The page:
Writing: The Consistency of Voice

Me at 17

Me at 17

I mentioned several months ago that I had resurrected a short story I wrote in college and was editing it. I shared a draft of the revised story recently with my critique group.

One of my partners commented after our meeting, “You know, Theresa, it’s amazing how much your voice at seventeen sounds like you today.”

At first I was flummoxed. You mean, all my years of education, my decades of writing in one form or another, had not improved how I wrote?

I took one class in creative writing in college; otherwise, I spent those years learning how to write like an economist. I spent my law school years unlearning the social scientist passive voice and learning to write like a lawyer. During my many years of legal practice I became more and more argumentative in my tone. Then I worked a decade in Human Resources learning to engage employees when I communicated. And for the last several years I have returned to the world of creative writing, crafting novels and essays and short stories.

Through all of this, my voice had not changed? How depressing.

Haven’t I learned anything about dialogue? I’d always thought my years sitting through depositions trained me to hear how people really talked.

Haven’t I learned anything about characterization? I’ve spent decades watching how people react to changing circumstances, physically and mentally and emotionally.

Haven’t I learned anything about plot? The mark of a good trial attorney is the ability to tell a good story to judge and jury.

Me today (or not too long ago)

But then I thought about it some more.

I am who I am. Wasn’t that the lesson I said I learned so quickly when I went off to college forty years ago this fall? I say what I say, and I write how I write.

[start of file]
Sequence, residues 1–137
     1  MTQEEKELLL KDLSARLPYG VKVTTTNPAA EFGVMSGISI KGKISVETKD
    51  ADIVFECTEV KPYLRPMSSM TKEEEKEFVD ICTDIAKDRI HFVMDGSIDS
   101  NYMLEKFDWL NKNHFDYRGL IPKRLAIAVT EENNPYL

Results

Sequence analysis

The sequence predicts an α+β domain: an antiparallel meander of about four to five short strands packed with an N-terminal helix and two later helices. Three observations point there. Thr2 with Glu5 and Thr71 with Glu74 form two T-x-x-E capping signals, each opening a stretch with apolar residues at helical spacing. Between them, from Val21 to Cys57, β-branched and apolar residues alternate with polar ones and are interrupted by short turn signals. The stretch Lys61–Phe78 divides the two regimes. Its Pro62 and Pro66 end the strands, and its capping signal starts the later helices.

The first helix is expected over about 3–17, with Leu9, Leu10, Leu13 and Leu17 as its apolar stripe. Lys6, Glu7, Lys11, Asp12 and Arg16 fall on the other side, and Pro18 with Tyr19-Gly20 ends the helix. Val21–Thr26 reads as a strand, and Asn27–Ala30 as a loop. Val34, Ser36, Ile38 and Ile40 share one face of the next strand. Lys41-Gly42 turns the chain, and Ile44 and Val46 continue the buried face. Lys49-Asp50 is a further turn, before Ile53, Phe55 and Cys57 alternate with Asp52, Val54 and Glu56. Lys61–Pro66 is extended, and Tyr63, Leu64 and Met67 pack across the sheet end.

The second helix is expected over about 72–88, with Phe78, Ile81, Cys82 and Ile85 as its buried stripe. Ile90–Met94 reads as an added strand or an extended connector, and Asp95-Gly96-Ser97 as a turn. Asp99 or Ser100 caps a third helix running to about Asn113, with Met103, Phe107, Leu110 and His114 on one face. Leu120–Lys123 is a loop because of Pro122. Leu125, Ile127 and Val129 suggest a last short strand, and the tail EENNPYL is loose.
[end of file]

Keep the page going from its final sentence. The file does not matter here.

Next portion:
So I came to accept what my writing colleague said: My voice is my voice.

And now I must use it.

Is your writing voice consistent with how it was when you began? If not, how and why have you changed?

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0 Comments

  1. I think the writing voice is who we are. And it’s often the hardest to find. It took my coming back to Kansas and writing about the farm to recognize my voice.I write like my parents talk a little wacky and blunt.or better said like my family talks.

  2. I love this post, Theresa. I think our voice comes from our heart and hopefully for most of us, our heart never changes, it remains open and loving. I love the photo of you at 17…beautiful!

  3. Theresa, unlike you, I don’t have any writing to compare it to from college. Writing was the least of my activities then. When I did begin writing, it was 40 years ago. They were sing-songy rhymey poems. BTW, I love your pictures!

  4. I love this post Theresa. Your voice is analytical, complex but not chaotic, comprehensive and purposeful. The environment and context may change but you, Theresa, spirit and soul are central. Thanks!

  5. Pingback: I am Thankful for You, My Readers | Story & History

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